I greatly appreciated the Memorial Landscapes article (AJ 31.1.02), having just returned from a trip to Rome and Bologna to visit a number of similar projects there.
However, I was surprised to see on the cover photograph of the new Metropolitan Police Memorial Garden in Hendon that the lettering on the large commemorative stone is embossed rather than engraved.
Surely this is inappropriate?
Memorial lettering, by tradition, is carved or engraved, to symbolise and express an absence.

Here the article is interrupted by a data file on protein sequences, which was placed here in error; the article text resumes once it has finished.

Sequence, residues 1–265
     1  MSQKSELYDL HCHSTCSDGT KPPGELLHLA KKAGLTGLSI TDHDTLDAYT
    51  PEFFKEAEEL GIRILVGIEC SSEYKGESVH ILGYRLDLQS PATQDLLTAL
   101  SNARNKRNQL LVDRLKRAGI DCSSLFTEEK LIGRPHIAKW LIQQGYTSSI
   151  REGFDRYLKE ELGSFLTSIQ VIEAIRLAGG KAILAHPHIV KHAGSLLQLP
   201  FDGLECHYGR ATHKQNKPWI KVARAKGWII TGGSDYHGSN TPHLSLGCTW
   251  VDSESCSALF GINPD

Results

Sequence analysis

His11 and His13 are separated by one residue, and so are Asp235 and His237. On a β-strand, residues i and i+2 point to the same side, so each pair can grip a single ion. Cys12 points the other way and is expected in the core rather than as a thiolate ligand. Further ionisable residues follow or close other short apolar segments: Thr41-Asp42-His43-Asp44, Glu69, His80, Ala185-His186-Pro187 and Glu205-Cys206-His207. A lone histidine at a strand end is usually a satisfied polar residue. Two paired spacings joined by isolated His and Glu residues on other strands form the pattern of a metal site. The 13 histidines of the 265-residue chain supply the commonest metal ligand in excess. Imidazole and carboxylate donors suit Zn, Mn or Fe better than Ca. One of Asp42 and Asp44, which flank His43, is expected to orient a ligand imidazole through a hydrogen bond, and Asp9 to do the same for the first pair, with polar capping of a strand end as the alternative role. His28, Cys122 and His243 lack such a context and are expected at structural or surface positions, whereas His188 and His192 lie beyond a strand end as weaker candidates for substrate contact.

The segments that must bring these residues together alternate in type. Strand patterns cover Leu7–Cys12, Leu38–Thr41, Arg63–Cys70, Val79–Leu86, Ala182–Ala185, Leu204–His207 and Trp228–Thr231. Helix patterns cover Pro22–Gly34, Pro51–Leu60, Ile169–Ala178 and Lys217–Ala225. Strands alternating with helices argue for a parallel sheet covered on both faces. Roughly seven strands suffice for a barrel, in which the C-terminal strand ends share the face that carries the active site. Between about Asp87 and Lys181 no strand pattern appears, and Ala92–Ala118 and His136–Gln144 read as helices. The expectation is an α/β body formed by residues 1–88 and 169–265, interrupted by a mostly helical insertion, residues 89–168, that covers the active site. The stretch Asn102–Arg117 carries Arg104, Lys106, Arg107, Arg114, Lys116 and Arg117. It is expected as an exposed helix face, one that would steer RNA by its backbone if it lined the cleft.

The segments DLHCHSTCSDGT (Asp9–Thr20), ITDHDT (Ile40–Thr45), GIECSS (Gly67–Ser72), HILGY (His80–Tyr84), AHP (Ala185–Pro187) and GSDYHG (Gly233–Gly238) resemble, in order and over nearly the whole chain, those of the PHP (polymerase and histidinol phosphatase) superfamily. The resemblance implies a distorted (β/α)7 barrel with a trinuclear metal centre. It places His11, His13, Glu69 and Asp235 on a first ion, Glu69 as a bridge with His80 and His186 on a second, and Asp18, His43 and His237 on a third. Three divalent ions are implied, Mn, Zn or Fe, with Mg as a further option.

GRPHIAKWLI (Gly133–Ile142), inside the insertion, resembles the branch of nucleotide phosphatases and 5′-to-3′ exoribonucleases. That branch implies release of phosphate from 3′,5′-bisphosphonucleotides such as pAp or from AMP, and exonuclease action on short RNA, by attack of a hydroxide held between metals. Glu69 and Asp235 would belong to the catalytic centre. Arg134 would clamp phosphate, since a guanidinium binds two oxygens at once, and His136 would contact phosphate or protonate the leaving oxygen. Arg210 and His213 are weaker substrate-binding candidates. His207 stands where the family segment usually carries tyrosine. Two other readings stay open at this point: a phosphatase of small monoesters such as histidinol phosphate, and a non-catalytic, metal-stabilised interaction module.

The gold lettering here appears grotesquely out of sympathy with the mood of the garden, though I understand from Andrew Mead's review that this decision was not in the hands of the landscape architects.
But it does raise the issue of the quality of calligraphy and inscription in all forms of modern design and architecture, a subject at present receiving too little attention.
Ken Worpole, London N4